What causes an “All call stacks are in use” error?

David Meego - Click for blog homepageThis is a reposting of an article I originally wrote on my Developing for Dynamics GP blog.

As a Dexterity developer you might have come across the following error:

All call stacks are in use. Cannot start script.

This post will describe what call stacks are (from a Dexterity perspective), how they are used and what causes this error to be generated.

Note: I will start by saying that this topic is covered very well in the Dexterity Programmer’s Guide (Volume 2, Part 5, Chapter 24) and also in the Dexterity Help file (search for “Call Stacks”, then click on “described”).  Thanks to Steve Kubis and the Dexterity documentation team.

A call stack is a mechanism for managing the processing of scripts.  In programming terms, a call stack is a Last In First Out (LIFO) data structure that stores the state of a script (variables, next command to execute, etc.).  When Script A calls a child Script B, the state of Script A is placed (or pushed) onto the call stack while Script B runs.  When Script B is completed, the state is restored (or popped) back from the call stack and Script A continues running from just after the call to Script B.

When Dexterity calls global and form level functions and procedures, all the processing is handled on the single call stack.   This can be visualised as a pile of paper sheets and as each new script runs a new sheet is placed onto the pile and then removed when that script is completed.

However, under certain circumstance Dexterity can execute code which requires its own call stack.  To support this, the Dexterity system has eight (8) call stacks.  One call stack is dedicated to background processing which leaves seven (7) call stacks for foreground use.

There are three types of processes which can start a new call stack being used:

  1. Procedures that are called automatically by Dexterity, such as the global procedures Security and Pathname.
  2. RW Functions called by Report Writer calculated fields as User Defined Functions.
  3. run script commands which executes the script attached to the change event of the window field specified.

The problem with running out of call stacks and generating a call stack error is usually caused when developers over use the run script command. The two examples below will explain how the call stacks are used with the run script command:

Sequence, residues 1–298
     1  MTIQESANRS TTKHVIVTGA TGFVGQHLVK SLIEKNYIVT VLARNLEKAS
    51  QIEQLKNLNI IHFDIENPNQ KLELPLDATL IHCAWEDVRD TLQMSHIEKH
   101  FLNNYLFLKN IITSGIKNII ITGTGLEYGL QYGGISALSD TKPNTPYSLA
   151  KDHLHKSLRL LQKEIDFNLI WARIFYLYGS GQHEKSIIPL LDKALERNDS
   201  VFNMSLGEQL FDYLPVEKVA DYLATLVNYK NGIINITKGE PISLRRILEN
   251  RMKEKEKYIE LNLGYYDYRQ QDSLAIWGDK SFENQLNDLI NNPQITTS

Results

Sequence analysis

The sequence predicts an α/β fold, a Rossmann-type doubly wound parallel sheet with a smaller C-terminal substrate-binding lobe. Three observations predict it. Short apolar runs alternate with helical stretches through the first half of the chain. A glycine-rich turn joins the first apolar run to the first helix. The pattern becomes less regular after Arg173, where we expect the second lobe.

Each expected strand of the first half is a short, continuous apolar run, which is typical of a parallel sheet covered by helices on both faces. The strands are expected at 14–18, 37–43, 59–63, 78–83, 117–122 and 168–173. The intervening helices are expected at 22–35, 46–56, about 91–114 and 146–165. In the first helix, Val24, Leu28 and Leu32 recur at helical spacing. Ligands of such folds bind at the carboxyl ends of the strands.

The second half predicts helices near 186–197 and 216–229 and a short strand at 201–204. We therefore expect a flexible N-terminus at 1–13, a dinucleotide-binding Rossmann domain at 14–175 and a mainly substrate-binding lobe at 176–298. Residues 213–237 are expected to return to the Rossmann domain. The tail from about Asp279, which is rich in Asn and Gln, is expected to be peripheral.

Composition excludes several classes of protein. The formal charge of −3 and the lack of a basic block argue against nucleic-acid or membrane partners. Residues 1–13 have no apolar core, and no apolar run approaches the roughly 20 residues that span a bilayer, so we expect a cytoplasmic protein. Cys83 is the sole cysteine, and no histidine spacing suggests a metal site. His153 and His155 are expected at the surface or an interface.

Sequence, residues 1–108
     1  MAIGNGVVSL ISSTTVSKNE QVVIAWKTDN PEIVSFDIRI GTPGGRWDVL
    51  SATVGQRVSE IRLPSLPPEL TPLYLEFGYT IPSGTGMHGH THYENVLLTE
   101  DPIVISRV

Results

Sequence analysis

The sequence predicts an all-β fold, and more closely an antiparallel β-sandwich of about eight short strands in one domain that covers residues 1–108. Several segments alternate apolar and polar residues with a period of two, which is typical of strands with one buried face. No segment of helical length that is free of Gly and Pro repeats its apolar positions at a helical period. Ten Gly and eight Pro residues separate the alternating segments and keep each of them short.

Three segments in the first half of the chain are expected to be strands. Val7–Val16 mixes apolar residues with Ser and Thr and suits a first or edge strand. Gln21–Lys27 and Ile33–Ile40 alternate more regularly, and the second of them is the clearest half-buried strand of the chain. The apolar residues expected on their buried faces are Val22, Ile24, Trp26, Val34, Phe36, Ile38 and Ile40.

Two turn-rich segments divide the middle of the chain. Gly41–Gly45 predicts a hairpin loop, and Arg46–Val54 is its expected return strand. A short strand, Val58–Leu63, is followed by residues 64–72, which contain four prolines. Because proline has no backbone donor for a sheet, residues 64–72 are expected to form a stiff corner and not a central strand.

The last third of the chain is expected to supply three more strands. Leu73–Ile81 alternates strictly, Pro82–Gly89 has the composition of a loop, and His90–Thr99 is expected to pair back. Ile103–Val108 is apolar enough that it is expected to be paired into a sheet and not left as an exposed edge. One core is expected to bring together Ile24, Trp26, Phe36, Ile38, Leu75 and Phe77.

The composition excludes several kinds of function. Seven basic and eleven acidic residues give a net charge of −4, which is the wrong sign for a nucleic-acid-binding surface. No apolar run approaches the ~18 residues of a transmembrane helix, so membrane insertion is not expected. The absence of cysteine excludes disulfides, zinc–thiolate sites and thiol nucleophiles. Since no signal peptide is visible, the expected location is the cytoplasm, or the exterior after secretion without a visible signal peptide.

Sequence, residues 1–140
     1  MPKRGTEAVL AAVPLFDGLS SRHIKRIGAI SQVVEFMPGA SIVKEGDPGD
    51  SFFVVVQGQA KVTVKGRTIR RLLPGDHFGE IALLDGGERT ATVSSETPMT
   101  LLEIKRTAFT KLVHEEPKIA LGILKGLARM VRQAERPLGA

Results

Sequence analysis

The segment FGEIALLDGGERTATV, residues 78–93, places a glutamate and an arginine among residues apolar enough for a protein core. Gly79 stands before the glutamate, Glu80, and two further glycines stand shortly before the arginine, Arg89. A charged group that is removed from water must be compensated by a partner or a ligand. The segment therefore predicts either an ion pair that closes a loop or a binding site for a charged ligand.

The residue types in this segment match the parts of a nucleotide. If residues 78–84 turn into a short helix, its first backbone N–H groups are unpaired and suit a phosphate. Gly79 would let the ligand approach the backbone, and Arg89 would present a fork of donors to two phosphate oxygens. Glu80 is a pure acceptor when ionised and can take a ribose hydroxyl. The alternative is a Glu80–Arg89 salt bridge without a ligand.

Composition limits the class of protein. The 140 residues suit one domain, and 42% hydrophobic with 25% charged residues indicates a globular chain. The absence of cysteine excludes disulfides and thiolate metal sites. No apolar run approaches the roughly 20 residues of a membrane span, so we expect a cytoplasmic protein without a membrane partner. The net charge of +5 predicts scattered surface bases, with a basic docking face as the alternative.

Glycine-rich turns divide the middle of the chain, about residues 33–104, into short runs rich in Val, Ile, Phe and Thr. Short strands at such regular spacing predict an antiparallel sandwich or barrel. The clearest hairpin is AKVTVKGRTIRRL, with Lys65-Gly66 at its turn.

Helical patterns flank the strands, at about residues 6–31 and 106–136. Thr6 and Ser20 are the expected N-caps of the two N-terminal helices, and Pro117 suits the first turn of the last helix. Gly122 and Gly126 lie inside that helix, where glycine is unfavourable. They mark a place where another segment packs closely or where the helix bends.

Example 1: Script A

run script ‘B’;
run script ‘C’;

In example 1: when Script B is executed a second call stack is used. But once Script B is completed the call stack is no longer needed and the execution returns to the original call stack.  Then Script C is executed in the second call stack.  This sequential calling using the run script command only uses one additional call stack and so does not cause the error condition.

Example 2: Script A

run script ‘B’;

Example 2: Script B

run script ‘C’;

In example 2: when Script B is executed a second call stack is used. Script B in turn executes Script C and so uses a third call stack.  This nested calling using the run script command uses an additional call stack for each nested call.  As there are only seven call stacks available for foreground processing, you can only have six levels of nested run script commands.

The following diagram from the Dexterity manuals shows the Background call stack and the seven Foreground stacks.  Note how the seven stacks are all used because of six nested run script commands.

If a 7th nested run script command is called, an automatically executed procedure is called (by opening a form or table), or a report is run which calls a RW function; the system will have no call stacks available and so produce the error:

All call stacks are in use. Cannot start script.

One example I have seen of this issue was on a maintenance window which had nested run script commands to update fields on the window depending on other fields on the same window (for example: disabling fields depending on a checkbox). When the window used by itself there were no issues. However, when the window was opened by a drill down, there was at least one more run script command and the error occurred.  This shows how using too many nested run script commands might not break the code all the time, but could cause issues when called by different methods.

It is recommended that developers don’t nest run script commands more than 3 levels. This is should help avoid the issue from occurring. Other methods of avoiding the error include using functions and procedures rather than run script commands and using the run script delayed command. The run script delayed command starts the specified field change script after all foreground processing is complete and so does not use an additional call stack.

For a related post on this topic where this error is caused by Regional and Language settings see Janakiram’s post below. The difference in the control panel settings must be altering the behaviour of the code in such a way to make it attempt to use one more call stack:

Hope this information is useful.


This article was originally posted on the Developing for Dynamics GP Blog and has been reposted on http://www.winthropdc.com/blog.

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